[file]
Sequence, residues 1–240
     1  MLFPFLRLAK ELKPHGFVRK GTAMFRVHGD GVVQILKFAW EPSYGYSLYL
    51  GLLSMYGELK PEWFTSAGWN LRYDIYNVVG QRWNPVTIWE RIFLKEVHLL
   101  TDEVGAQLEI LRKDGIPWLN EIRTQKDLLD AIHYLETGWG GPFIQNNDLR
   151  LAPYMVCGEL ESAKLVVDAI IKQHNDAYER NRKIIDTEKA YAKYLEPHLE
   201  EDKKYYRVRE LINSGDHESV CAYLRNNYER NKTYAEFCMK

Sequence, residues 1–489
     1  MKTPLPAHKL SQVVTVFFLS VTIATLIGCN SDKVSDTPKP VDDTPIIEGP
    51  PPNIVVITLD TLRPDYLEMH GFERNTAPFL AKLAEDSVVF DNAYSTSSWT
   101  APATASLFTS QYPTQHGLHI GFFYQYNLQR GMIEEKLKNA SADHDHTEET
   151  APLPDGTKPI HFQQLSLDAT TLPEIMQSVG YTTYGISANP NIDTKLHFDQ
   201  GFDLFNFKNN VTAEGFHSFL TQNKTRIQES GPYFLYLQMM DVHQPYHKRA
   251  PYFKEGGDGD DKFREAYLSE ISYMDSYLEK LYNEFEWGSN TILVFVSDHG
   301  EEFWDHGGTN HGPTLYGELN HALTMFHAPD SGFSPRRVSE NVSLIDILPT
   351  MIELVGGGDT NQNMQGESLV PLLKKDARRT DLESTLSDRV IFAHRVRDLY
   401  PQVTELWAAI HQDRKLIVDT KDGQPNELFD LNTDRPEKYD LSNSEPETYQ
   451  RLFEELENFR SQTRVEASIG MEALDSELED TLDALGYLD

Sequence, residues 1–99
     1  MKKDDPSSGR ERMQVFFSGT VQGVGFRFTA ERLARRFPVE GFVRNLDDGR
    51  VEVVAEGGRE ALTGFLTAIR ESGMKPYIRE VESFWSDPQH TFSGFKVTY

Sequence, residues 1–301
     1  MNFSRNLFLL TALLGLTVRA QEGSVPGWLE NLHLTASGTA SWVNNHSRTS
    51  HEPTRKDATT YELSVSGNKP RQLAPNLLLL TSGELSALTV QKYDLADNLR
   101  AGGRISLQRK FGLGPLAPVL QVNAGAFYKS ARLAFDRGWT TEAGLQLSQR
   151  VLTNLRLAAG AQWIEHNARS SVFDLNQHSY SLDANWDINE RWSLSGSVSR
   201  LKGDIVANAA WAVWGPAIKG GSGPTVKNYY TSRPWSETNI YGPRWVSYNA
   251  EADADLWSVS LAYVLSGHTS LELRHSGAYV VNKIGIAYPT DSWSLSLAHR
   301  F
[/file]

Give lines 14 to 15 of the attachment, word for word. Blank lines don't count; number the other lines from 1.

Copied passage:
   301  EEFWDHGGTN HGPTLYGELN HALTMFHAPD SGFSPRRVSE NVSLIDILPT
   351  MIELVGGGDT NQNMQGESLV PLLKKDARRT DLESTLSDRV IFAHRVRDLY